Like printed books, codex manuscripts opened with an incipit, a first folio, which bore the title and marked the beginning of the text. The explicit marked the end.
The job of the rubric writer (from the Latin ruber, red) was to highlight the titles, subtitles and headings in red ink.
It was not until the 13th century that the folios were numbered in Roman numerals. This foliotation, as it was called, was replaced with page numbering in Arabic numerals in the second half of the 16th century.
Once the scribe had finished his text, he sometimes included a colophon (Greek for finishing touch) that indicated: the title and sometimes the name of the author and the addressee. Occasionally he would mention the name of the copyist, the date and place the copy was made, and make comments on the difficulties he had encountered. At times he even thanked God and expressed his relief at finishing the job.
An experienced scribe was not expected to produce more than 200 lines a day. It took him two and a half months to finish a 400-page book!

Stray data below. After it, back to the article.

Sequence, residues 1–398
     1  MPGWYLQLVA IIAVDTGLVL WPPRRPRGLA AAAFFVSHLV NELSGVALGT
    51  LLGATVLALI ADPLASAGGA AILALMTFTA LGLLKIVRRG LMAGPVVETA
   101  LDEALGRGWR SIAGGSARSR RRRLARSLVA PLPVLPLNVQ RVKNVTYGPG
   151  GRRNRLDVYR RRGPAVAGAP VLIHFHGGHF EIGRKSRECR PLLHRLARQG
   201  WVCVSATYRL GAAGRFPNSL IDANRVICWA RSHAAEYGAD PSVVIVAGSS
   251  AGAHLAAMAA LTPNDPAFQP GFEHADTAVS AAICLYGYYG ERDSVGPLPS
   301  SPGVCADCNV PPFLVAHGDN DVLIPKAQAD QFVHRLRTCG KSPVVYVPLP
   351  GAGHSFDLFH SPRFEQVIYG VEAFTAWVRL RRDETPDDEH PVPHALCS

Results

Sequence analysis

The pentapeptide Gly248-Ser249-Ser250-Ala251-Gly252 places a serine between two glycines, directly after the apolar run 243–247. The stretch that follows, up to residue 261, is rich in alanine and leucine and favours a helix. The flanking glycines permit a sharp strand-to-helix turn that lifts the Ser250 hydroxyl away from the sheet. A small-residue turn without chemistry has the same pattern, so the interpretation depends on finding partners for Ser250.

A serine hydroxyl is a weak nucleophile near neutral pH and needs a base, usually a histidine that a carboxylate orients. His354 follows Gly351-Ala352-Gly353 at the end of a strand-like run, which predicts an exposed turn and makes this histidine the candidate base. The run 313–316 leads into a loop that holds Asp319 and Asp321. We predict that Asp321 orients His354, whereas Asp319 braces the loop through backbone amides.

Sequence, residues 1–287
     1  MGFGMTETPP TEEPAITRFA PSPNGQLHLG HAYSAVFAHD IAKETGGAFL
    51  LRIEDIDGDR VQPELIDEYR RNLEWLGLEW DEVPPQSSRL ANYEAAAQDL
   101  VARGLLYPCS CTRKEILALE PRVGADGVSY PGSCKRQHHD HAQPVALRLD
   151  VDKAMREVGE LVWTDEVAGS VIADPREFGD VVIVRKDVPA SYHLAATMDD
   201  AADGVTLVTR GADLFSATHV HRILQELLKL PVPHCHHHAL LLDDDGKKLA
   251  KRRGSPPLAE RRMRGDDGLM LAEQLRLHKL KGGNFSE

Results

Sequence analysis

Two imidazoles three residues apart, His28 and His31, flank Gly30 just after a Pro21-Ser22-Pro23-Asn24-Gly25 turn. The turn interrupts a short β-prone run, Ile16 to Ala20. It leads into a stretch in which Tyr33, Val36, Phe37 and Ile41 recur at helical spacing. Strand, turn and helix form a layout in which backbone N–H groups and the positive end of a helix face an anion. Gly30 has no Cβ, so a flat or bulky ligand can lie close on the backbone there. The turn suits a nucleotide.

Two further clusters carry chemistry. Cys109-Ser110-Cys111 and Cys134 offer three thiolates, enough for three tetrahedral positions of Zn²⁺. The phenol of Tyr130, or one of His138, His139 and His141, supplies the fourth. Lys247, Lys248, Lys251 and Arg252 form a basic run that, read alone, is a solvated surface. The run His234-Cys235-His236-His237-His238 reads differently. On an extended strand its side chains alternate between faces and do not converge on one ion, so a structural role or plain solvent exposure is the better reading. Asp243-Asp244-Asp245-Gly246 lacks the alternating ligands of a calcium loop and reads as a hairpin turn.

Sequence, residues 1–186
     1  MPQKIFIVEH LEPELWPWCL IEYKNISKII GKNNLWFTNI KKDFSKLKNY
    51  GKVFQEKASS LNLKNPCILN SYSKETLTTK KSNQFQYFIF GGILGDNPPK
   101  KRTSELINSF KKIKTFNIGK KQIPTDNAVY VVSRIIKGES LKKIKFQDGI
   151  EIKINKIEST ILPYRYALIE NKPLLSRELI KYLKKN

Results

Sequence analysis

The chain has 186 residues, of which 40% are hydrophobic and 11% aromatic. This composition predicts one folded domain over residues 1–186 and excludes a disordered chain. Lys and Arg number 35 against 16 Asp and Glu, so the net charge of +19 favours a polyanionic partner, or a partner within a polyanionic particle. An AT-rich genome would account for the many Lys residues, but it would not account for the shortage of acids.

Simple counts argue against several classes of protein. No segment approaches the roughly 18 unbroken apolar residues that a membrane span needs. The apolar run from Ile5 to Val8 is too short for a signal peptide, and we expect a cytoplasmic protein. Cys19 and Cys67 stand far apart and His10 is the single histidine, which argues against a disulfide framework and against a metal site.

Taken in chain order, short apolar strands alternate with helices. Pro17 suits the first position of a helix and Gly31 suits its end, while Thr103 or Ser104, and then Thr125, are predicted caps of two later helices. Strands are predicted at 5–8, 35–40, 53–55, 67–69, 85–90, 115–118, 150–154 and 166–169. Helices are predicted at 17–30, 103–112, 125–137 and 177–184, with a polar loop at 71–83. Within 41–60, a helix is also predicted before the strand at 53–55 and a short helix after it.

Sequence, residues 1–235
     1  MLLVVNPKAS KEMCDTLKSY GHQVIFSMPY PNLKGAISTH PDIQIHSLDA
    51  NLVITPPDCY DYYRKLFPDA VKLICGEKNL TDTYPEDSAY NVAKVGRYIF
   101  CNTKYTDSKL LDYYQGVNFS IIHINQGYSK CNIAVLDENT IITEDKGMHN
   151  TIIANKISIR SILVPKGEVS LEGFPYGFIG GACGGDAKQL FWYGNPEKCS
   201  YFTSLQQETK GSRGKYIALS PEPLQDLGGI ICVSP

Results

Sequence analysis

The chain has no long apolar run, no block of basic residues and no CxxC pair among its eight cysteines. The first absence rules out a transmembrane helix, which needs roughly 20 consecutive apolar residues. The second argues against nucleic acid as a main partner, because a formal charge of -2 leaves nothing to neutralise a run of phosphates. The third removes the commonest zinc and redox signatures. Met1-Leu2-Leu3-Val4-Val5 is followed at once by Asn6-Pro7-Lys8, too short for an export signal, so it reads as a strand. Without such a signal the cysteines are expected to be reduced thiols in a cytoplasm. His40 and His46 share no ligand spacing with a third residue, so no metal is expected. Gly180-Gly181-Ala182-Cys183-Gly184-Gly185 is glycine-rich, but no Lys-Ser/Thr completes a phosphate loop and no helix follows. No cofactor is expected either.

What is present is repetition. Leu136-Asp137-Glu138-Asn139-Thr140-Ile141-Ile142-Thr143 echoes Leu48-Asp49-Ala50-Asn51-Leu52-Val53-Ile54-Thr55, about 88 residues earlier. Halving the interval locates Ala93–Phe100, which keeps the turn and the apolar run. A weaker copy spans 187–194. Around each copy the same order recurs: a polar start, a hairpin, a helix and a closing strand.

Copyists worked in scriptoria (specially equipped workshops) that were located in monasteries. In the Middle Ages, monasteries were at the heart of Europe’s cultural and spiritual life (Monte Cassino, Saint-Benoît-sur-Loire, Fulda, Reichenau, Saint Gall…). They were hubs of activity where books were produced from beginning to end – from the preparation of the parchment to the final binding.
Codices were often illustrated with elaborate illuminations. Until the 13th century, when illuminating became a layman’s trade, illuminators and miniaturists worked in monasteries. They were experts at creating ornamental letters, flowers, animals and grotesques in margins, and illustrations that filled capital letters. They also drew miniatures that zoomed in on the images in the letters and filled an entire page.
The Bodmer collection owns several manuscripts with beautiful illuminations. A fine example is the 12th century Passionary of Weissenau, a manuscript copied at Saint-Peter’s Abbey in Weissenau (Swabia). The illuminated letter R at the end of the manuscript is unusual for the pre-Gothic period. It was included by the illuminator, a monk called Rufillus, who wrote his name above the letter.